5EKK are the debating kings. It is widely accepted amongst students and teachers alike that there’s no contest if 5EKK are involved in a debate. I’ve witnessed them on three separate occasions and each time they’ve emerged triumphant. It doesn’t matter what they’re debating, they always win. Unfortunately this was to my detriment last week as I got into a debate over the day of their next test. I suggested Tuesday, they preferred Thursday so we debated the issue for a moment...to be fair Thursday is a more suitable day, it gives me the whole weekend to mark the papers...!! 5EKK also hold a special place in my heart as they were the class that posed for a photo proudly clutching an Argyle shirt, scarf and flag. The photo has very recently been published in the Argyle matchday magazine and therefore they have achieved relative fame/notoriety and successfully helped to prove that the Green Army is an international phenomenon! In summary 5EKK are perhaps my most interesting class due to the vast gulf in ages of the students. It’s difficult to know their situations outside of school and as I try not to pry too much and they’re not forthcoming with information it will remain a mystery for me long after I leave. I’m sure I’ll keep in touch with some of these students as they’ve been an enjoyable class to teach. It would also be nice to know the paths they take once they leave St Bernadette de Save.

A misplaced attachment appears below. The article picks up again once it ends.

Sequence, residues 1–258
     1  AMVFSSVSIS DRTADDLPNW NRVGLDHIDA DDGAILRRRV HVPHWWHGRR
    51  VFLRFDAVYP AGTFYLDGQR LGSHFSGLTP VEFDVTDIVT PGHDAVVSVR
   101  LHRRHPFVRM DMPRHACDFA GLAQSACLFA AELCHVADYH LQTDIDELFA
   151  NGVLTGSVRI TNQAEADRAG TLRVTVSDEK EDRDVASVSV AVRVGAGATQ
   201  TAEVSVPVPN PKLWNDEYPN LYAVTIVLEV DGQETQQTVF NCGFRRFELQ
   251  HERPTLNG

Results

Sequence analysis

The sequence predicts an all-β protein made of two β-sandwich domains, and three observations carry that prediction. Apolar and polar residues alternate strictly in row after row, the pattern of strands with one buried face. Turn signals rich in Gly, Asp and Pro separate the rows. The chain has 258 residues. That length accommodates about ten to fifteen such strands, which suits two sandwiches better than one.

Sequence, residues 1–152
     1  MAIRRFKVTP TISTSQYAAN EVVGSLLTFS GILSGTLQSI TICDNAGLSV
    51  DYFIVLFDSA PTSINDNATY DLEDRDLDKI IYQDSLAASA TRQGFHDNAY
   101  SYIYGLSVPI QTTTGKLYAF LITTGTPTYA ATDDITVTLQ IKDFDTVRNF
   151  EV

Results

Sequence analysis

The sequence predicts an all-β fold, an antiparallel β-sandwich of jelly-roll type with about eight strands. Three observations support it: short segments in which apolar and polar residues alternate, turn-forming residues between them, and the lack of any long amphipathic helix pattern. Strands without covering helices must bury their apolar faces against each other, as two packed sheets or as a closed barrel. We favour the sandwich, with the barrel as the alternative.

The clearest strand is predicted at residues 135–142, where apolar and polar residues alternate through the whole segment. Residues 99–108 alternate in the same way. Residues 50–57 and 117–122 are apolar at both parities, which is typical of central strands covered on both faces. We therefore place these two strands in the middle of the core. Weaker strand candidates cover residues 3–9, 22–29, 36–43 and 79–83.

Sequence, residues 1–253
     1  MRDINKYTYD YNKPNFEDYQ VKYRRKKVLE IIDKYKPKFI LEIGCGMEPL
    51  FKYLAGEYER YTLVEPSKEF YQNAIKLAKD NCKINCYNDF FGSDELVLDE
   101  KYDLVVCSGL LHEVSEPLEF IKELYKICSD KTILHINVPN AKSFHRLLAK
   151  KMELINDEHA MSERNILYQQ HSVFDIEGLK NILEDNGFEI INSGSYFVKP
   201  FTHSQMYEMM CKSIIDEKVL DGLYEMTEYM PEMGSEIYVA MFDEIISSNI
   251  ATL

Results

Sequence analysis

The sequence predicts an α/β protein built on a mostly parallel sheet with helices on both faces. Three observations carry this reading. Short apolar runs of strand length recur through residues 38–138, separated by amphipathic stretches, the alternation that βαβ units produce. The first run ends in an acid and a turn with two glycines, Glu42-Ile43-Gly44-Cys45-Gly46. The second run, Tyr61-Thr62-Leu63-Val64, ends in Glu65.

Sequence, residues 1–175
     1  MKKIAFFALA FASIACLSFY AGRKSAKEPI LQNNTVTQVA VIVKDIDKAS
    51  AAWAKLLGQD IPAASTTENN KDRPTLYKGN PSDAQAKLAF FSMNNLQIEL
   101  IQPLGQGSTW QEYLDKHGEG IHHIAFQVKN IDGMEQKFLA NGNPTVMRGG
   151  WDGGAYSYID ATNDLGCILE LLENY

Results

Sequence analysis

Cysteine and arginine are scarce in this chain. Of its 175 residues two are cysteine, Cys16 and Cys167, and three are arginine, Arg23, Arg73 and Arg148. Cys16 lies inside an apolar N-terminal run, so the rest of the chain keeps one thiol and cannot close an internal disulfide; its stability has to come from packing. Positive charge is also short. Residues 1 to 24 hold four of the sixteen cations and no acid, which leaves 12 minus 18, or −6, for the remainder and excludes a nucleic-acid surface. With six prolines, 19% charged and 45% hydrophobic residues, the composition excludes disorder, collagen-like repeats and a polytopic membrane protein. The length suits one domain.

In conclusion, I think it’s fair to say that each one of my four classes has its various merits and I feel very honoured to have been able to play a part in their education. I hope I’ve made a positive impact and managed to teach them something in between the various moments of confusion, absurdity, comedy, monotony, enlightenment and various other bizarre scenarios! There is definitely one thing I’m sure of though...I’ve learned a lot from them.